Energy independence: Four decades of rhetoric

rokeachBy David Rokeach, MBA ’15

This article was written in response to a seminar given by John McNabb, Vice Chairman of Investment Banking with Duff & Phelps Corporation, in an EDGE Seminar on Sept. 18, 2013 at Duke University’s Fuqua School of Business.

In 1973, President Richard Nixon announced “Project Independence,” an effort to make the United States energy independent by 1980.  Nixon defined his objective as “not [having] to rely on any source of energy beyond our own.”  Four decades later, this dream hasn’t yet come to pass.  It never will.

John McNabb spoke at Duke University’s EDGE Seminar Series on Sept. 18, 2013.  He is a seasoned oil and gas executive and is currently the Chairman of Willbros Group, an international energy construction and engineering company.  Mr. McNabb spoke about the extraordinary growth and potential of American oil and gas production.  Increasing production, he argued, would lead to energy independence.

There are many good reasons to remove government barriers to safe and responsible development of oil and gas resources in the U.S.  In this slow economic recovery, growth in the energy industry has been one of the few bright spots.  Thousands of new, good-paying jobs have been created.  Government revenue from oil and gas industry taxes, lease sales, and royalties has grown substantially, helping to reduce the federal deficit.  In areas of new development, like the Bakken and the Eagle Ford, the economic impact expands well beyond direct employment and investment; new hotels, restaurants, and stores have opened to meet the demand of new workers.  Business is booming in these parts of the country.

Mr. McNabb correctly alluded to some of these benefits.  Affordable, reliable energy (historically from fossil fuels) has increased the standard of living for billions of people around the world.  It has provided gainful employment and helped nations grow.  Unfortunately, rather than sticking to these real factors, politicians and industry executives often regurgitate energy independence as the primary justification for relaxed regulation and increased energy production.  Mr. McNabb argued that the U.S. has the opportunity to produce as much energy as it consumes, and posited that this is an end in itself.

Ironically, the appeal for energy independence is often made by those who would most vehemently oppose the systemic changes that would be needed for the dream to come true.  To achieve Nixon’s goal of not having to rely on sources of energy beyond our own, the U.S. would have to nationalize energy companies and shut down all trade of energy products into and out of the United States.  I imagine Mr. McNabb would oppose such actions, as would I.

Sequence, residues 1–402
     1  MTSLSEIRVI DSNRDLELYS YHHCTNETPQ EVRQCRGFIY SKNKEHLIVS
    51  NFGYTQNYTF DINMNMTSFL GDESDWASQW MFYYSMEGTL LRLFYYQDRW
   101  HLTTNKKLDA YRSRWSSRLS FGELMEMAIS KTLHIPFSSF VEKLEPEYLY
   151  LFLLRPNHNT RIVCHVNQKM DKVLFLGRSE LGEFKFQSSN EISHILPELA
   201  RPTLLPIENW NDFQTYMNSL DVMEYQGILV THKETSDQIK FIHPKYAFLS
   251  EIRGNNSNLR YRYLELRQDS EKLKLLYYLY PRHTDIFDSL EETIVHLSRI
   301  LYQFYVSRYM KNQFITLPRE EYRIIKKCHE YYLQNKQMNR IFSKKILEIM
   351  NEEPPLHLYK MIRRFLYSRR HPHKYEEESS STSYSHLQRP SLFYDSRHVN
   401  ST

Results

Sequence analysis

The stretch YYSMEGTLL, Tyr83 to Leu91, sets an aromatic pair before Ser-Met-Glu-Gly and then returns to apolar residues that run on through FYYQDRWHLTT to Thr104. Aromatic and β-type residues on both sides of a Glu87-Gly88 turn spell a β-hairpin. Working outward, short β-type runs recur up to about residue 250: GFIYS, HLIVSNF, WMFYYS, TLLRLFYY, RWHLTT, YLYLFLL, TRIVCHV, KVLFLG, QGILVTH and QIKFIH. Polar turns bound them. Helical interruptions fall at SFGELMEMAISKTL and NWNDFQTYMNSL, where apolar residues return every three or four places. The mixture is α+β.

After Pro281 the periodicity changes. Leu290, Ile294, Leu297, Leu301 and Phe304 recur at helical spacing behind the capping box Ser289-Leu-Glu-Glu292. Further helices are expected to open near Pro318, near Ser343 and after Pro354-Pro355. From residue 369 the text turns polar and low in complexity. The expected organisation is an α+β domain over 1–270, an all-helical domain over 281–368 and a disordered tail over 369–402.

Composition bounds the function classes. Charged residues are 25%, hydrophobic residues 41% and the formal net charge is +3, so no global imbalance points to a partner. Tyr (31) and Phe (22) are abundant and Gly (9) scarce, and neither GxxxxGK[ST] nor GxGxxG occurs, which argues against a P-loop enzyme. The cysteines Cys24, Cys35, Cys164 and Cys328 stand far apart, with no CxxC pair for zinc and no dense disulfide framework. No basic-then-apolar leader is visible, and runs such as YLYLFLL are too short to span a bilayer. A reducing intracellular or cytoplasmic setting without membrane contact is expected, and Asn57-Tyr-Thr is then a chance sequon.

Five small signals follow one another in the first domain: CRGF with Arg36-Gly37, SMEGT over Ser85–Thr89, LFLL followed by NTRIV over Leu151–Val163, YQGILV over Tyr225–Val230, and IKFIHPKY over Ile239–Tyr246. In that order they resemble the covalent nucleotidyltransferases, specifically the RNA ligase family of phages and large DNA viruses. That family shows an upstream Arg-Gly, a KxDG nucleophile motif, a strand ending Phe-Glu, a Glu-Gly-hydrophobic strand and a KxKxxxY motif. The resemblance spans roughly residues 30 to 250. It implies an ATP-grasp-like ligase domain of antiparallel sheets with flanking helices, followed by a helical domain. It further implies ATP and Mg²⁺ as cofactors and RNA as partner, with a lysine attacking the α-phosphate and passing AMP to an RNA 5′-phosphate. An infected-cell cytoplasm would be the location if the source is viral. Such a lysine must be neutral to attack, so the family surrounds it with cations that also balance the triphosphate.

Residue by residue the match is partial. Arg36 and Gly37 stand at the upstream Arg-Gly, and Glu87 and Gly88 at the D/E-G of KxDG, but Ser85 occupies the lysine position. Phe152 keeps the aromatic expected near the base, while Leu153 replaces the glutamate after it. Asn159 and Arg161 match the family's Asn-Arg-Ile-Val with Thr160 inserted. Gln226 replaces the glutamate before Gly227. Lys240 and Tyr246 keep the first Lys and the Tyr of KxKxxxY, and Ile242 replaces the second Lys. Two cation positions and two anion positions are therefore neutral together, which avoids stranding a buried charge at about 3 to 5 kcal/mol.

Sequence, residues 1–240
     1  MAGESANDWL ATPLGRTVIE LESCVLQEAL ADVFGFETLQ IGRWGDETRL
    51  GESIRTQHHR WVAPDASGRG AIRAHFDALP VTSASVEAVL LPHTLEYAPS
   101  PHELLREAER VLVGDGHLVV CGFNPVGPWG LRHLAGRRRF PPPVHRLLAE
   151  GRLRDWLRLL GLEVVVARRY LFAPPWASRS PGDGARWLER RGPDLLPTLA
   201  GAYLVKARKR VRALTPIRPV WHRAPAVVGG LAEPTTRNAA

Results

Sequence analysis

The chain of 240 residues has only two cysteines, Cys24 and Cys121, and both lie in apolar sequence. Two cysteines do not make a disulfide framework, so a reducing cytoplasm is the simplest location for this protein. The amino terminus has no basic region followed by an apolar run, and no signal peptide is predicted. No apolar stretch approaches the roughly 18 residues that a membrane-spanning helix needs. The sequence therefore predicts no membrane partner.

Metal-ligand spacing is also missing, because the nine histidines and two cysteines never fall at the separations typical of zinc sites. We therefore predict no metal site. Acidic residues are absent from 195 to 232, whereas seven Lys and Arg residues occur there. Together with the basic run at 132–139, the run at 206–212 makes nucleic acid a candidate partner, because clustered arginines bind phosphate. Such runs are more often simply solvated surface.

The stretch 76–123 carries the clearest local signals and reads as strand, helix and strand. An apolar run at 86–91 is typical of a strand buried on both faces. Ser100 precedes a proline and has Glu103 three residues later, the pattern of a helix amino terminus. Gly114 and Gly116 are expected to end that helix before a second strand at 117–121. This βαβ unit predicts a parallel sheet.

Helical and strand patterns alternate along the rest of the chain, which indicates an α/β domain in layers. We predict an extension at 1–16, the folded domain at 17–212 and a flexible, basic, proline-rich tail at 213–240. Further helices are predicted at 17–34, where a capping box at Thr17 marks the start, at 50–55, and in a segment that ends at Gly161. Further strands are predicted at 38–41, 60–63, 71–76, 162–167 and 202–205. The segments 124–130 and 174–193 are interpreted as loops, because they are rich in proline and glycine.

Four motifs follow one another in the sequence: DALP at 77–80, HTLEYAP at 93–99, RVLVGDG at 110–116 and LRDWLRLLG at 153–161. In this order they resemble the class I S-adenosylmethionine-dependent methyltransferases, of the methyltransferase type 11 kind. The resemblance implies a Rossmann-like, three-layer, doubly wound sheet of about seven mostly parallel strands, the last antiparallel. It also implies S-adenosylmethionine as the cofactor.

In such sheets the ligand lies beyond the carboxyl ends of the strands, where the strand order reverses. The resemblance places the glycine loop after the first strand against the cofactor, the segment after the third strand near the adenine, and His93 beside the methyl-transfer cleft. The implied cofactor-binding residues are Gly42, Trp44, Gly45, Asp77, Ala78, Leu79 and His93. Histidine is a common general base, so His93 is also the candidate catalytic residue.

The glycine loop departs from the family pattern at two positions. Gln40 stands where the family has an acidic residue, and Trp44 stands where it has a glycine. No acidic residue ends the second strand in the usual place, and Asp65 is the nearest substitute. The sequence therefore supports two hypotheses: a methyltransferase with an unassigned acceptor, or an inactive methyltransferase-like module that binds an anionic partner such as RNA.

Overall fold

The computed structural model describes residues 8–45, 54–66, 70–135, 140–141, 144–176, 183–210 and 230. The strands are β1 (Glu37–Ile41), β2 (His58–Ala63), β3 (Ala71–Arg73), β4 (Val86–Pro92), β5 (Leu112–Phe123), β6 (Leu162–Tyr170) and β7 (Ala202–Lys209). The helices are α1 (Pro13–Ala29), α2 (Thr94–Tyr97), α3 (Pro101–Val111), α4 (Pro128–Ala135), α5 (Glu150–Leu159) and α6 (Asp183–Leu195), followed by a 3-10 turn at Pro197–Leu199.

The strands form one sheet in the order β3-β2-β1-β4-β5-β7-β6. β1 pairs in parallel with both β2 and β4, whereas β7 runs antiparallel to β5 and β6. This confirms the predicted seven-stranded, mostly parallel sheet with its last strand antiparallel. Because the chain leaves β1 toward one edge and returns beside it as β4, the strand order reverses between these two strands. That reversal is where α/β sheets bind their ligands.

According to the U.S. Energy Information Administration (EIA), the U.S. consumed 18.6 million barrels per day (MMbd) of petroleum products in 2012 and produced 11.2 MMbd.  That means that the U.S. would have to increase production by more than 50 percent to produce as much as it consumes.  Even if that were to happen, not all of that increased production would be consumed here in the States unless the government closed the borders and took over the oil companies.

Furthermore, increasing U.S. oil production would hardly impact global prices.  According to statistical analysis from the Associated Press, a 50 percent increase in U.S. production would cut gas prices by 10 percent, in the most rosy of scenarios.  And with OPEC countries contributing almost half of gross world production, the cartel could still exert significant influence on prices through its infamous supply management, offsetting the benefits for American consumers.

The point here is that no matter how much oil the U.S. produces, it will still be subject to swings in the global market.  Canada, for example, is a net exporter of oil, and gasoline prices there still rise and fall in relation to significant world events.  If Iran were to blockade the Strait of Hormuz, through which 20 percent of all oil traded worldwide passes, global prices would increase dramatically and Canada would be subject to those costs just like countries that import most of their oil.

To be sure, “energy independence” works wonders as a sound bite, and it’s hard to blame politicians for using lines that resonate.  As a former policy adviser for a U.S. Congressman from oil country, I can attest to how well this argument is received in much of the general public.  And when politicians use those talking points that elicit a strong response, the fallacies are further cemented into public discourse.

There are many good reasons for the U.S. to utilize its bountiful domestic resources.  Thankfully, since 2008, the industry has done quite well and been a major boost to the economy.  However, Mr. McNabb’s appeal for “energy independence” only perpetuates the most pervasive issue in the American energy debate since Nixon’s Project Independence: we are arguing over the wrong things.  Let’s get back to basics, move past the myths, and have a well-reasoned discussion supported by the facts.

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